The Dow Jones Industrial Average and S&P 500 each set new records this week, barreling past 27,000 and 3,000, respectively, for the first time in the stock market’s history.
But as rate-cut fever rampages across Wall Street, the market’s historic rally is increasingly proceeding without one key demographic: investors.
According to data published by the Investment Company Institute, US stock funds experienced a staggering $25.2 billion in net outflows during the week ended July 2.
That’s right: As stocks raced toward all-time highs, investors were actually taking money out of equities. A lot of money.
Investors haven’t yanked that much cash out of domestic stock market funds in a single week since February 2014.
“It’s surprising to see outflows accelerate because we had a very strong U.S. equities market in the first half of the year and investors have historically put money to work when markets have rallied,” said Todd Rosenbluth, director of ETF and mutual fund research at New York-based research firm CFRA, in remarks cited by Reuters.
Nor is it an isolated occurrence.
US stock funds have experienced net outflows in three of the past five weeks, leaving a cumulative $21 billion flowing out of the domestic equities market.
Altogether, long-term mutual funds and exchange-traded funds (ETFs) have experienced around $32 billion in net outflows for the five-week period chronicled in the ICI report.
Bonds, meanwhile, recorded net inflows in each of the past five weeks for a cumulative gain of more than $45 billion.
And no, investors aren’t rotating this capital into world stock funds, which have experienced net cash outflows in each of the past five weeks.
So if investors have already taken their ball and gone home, who’s left in the game to keep driving stock prices higher?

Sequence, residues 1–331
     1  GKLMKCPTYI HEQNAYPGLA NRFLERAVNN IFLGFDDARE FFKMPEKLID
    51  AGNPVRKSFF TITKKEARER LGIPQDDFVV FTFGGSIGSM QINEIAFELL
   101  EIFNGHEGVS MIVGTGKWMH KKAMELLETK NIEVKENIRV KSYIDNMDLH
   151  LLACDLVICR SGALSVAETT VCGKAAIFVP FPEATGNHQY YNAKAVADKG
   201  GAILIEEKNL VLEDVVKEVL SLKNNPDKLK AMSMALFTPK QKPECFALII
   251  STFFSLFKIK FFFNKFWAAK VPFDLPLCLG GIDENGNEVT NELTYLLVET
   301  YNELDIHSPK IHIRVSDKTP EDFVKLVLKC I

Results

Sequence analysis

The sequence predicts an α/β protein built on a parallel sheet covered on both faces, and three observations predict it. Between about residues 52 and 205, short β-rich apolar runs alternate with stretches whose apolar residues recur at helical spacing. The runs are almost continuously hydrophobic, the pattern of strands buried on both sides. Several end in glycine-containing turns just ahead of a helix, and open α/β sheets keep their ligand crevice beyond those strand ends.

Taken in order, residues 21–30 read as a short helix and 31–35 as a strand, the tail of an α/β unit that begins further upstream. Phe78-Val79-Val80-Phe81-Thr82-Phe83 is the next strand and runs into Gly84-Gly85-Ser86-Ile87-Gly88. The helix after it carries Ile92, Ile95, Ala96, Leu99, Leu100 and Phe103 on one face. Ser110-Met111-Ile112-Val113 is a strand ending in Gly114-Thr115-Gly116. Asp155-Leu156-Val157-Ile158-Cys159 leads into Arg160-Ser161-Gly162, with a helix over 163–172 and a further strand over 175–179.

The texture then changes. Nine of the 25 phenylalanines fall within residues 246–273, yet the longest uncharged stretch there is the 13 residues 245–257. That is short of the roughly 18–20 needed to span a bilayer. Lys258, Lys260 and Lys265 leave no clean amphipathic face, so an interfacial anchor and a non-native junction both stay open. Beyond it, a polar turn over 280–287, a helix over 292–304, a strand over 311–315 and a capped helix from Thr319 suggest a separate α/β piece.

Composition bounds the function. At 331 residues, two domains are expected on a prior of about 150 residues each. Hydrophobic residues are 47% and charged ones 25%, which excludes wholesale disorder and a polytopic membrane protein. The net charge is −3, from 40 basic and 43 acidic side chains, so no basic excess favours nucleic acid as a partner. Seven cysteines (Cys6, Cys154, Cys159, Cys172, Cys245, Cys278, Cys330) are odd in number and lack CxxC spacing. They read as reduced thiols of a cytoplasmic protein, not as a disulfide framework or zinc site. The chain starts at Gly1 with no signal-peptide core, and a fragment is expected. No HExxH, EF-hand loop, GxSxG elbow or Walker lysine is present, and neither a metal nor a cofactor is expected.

The working theory is that it’s cash-flush companies themselves, buying back their own shares with the windfall from last year’s corporate tax cuts.
Loathed by politicians such as Bernie Sanders as naked “greed,” defenders say that stock buybacks are just “tax-efficient dividends” that return cash to shareholders.
Critics note that they also reduce a company’s supply of outstanding shares, propping up their earnings-per-share (EPS) ratio.
Regardless, analysts have been monitoring this trend for months.
Here’s a New York Times headline from February:
In May, Hacked reported that the S&P 500 would have closed the first quarter 19% lower without the near-endless supply of stock buybacks.
The percentage is likely much higher now, and it’s only going to grow larger. The New York Times cites a Goldman Sachs estimate indicating that corporations will likely spend $700 billion on stock buybacks this year while traditional investors divest themselves of $400 billion worth of shares.
Buybacks are clearly a boon to current shareholders – call them a reward for hanging on during last year’s brutal market downturn. Still, you have to wonder whether the market’s rapid recovery has spooked would-be investors who are sitting on the sidelines.
And maybe that’s their fault for ignoring historical trends and common sense advice.
But as Wall Street continues to enjoy a non-stop party, it’s more than a bit disconcerting that so many investors believe they’ve been left off the guest list.